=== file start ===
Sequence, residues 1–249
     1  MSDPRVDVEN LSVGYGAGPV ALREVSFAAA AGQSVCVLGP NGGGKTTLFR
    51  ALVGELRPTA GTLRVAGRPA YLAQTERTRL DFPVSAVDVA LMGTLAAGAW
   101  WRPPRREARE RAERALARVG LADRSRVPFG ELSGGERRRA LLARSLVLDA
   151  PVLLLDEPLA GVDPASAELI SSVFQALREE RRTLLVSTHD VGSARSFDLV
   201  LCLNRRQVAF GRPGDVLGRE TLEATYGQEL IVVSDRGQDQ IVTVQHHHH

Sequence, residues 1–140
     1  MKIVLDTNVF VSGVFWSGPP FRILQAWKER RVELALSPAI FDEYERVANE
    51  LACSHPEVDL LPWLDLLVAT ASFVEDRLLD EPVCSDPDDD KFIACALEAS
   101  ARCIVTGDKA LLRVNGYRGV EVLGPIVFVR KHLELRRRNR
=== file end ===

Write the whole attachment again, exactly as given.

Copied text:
Sequence, residues 1–249
     1  MSDPRVDVEN LSVGYGAGPV ALREVSFAAA AGQSVCVLGP NGGGKTTLFR
    51  ALVGELRPTA GTLRVAGRPA YLAQTERTRL DFPVSAVDVA LMGTLAAGAW
   101  WRPPRREARE RAERALARVG LADRSRVPFG ELSGGERRRA LLARSLVLDA
   151  PVLLLDEPLA GVDPASAELI SSVFQALREE RRTLLVSTHD VGSARSFDLV
   201  LCLNRRQVAF GRPGDVLGRE TLEATYGQEL IVVSDRGQDQ IVTVQHHHH

Sequence, residues 1–140
     1  MKIVLDTNVF VSGVFWSGPP FRILQAWKER RVELALSPAI FDEYERVANE
    51  LACSHPEVDL LPWLDLLVAT ASFVEDRLLD EPVCSDPDDD KFIACALEAS
   101  ARCIVTGDKA LLRVNGYRGV EVLGPIVFVR KHLELRRRNR